“See?” she says, gleefully. “It’s  called ‘The Homer,’ but from here, the tree obscures the second word. You can imagine it is known simply as ‘The.'” We giggle, and swap memories of a greasy-spoon icon in Toronto’s Beaches neighbourhood, known locally as ‘The Goof,’ since some burned out letters mutilate the proud neon claim of ‘Good Food.’

Just a little down Homer from The The, we contemplate a sidewalk that makes way for a tree.

Homer, nr Nelson

People & their dogs swerve right & left; the tree continues to stretch ever more majestically into the sky.

Still on Homer, but down in (I think) the Yaletown neighbourhood by now, and a quick detour into one of Louise’s favourite cafés. She loves the coffee, the food, the old building and, most especially, the name.

café on Homer nr Helmcken

Tourists get to ask the obvious question. I learn that the owner believes we should notice & celebrate any small victory that comes our way — including good coffee.

Down at Hamilton & Helmcken now, definitely prowling Yaletown, I shrug past glittering shops to stroke the twist of rusty metal that makes this bench a sculpture.

Hamilton & Helmcken

l laugh when Louise points out the refrigerated units inside Living Produce Aisle. Reflected towers jumble the shot, but focus on those living sprouts, just waiting for your selection. I know similar stores are found else where, but it does seem… so very west coast.

sprouts sprouting, on Hamilton nr Davie

We loop back on ourselves, find ourselves again on Homer with The The in sight. This time approaching from the other direction, with other things to admire.

Nature’s gift of sparkling blue hydrangea blossoms …

shrub on Homer, nr Smythe

and the City’s gift of scattered leaves, pressed into these sidewalk slabs as they were being laid.

sidewalk below the shrub

Quick steps into another café, this time not for the name on the wall but for the chandelier — of coffee cups, what else?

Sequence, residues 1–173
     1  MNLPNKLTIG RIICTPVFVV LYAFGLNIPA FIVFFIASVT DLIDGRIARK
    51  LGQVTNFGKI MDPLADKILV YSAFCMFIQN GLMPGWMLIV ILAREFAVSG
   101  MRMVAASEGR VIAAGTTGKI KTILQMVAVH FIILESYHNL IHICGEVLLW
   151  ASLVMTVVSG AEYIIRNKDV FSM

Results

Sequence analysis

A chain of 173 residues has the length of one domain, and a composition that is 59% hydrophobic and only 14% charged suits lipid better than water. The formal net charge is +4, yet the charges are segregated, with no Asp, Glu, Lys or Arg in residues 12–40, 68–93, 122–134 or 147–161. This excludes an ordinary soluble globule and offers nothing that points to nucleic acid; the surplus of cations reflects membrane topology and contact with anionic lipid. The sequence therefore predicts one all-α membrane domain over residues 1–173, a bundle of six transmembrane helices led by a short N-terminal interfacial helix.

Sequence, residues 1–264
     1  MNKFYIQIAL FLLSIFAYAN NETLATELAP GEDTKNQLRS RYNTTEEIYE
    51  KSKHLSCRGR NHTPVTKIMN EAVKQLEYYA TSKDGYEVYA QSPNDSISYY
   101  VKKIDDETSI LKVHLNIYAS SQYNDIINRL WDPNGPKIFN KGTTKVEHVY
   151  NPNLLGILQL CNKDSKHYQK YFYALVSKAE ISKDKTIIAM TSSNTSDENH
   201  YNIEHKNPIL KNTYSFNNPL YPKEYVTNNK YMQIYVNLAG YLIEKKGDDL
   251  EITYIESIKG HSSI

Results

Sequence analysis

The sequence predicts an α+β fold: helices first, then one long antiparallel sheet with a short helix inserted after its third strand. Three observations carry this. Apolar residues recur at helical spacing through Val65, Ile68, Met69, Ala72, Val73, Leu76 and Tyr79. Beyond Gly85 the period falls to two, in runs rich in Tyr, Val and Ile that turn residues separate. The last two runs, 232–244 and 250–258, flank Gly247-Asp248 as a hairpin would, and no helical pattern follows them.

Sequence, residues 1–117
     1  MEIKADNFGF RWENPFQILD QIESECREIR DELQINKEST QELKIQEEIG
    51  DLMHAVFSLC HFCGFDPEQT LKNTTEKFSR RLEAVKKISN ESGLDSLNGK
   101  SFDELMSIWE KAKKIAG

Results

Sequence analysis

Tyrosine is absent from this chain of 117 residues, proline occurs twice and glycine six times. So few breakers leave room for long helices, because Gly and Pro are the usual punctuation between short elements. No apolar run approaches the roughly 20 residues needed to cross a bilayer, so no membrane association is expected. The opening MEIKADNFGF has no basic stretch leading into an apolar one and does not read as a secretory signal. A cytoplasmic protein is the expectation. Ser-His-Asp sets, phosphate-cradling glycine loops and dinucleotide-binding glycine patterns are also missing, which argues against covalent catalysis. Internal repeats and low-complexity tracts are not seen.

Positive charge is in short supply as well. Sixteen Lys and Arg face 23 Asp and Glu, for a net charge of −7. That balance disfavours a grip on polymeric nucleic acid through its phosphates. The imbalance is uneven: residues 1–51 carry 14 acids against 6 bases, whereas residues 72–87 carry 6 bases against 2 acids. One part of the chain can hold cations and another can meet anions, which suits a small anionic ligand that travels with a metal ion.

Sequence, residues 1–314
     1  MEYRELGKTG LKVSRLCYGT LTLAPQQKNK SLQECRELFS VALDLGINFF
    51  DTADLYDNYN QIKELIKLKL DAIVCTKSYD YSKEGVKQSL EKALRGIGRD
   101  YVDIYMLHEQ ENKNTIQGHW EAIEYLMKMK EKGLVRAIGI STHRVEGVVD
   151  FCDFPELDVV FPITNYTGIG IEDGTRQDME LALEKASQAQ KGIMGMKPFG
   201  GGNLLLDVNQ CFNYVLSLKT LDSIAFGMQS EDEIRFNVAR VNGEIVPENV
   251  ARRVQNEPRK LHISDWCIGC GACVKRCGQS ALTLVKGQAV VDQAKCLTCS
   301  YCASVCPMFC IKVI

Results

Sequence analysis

a café nr The The

We lunch at some point, on an outdoors patio ( take advantage while you still can), and then check out this year’s Word on the Street — a festival of tents and vendors and talks celebrating books & literacy.  We visit a whole stretch of tents on the closed street bordering the Vancouver Public Library central branch.

Where, to my delight, I see they have quite literally posted various words on the street.

Word on the Street tents, next to VPL Central Branch

I had to look it up. I means a tambourine or similar instrument.

More tables & displays just inside the library, in we go.

entering the VPL Central Branch

Soaring architecture, as you may notice — the 1995 work of Israeli-Canadian architect Moshe Safdie, who first stamped himself on Canadian (and world) consciousness with his Habitat ’67 complex in Montreal.

We acquire pins & bookmarks & leaflets and even a book apiece, then visit the library itself — eventually up to the Special Collections on the 7th floor, where we also see the maquette for the building as it will appear once the planned 8th & 9th floors (complete with public rooftop park) are added.

maquette showing VPL as planned with additional floors

One art gallery visit only, to the Bill Reid Gallery on Hornby, which honours Haida Gwaii culture, and his personal contribution to that culture — both in greater public profile and respect, and in the jewelry, sculpture, paintings and other artistic works he created imbued with its spirit. If you have a 2004 Canadian $20 bill, you possess an example of his work: it features two of his sculptures, Raven, and Spirit of Haida Gwaii.

portait of Bill Reid, in Gallery stairwell

There are many other images & examples of his work (and other artists) in the Gallery, but I am especially moved by this quiet portrait hanging in the stairwell.

Finally, late afternoon, we head back south. We’ll meet again for dinner, but for now we part, Louise to home, me to my Airbnbn nest in Mount Pleasant.

At Broadway & Main, I look north to the water.

view north from Boradway & Main

The mist has lifted, the mountains dance in the sunlight.

  • WALKING… & SEEING

    "Traveller, there is no path. Paths are made by walking" -- Antonio Machado (1875-1939)

    "The voyage of discovery is not in seeking new landscapes, but in having new eyes" -- Marcel Proust (1871-1922)

    "A city is a language, a repository of possibilities, and walking is the act of speaking that language, of selecting from those possibilities" -- Rebecca Solnit, "Wanderlust: A History of Walking"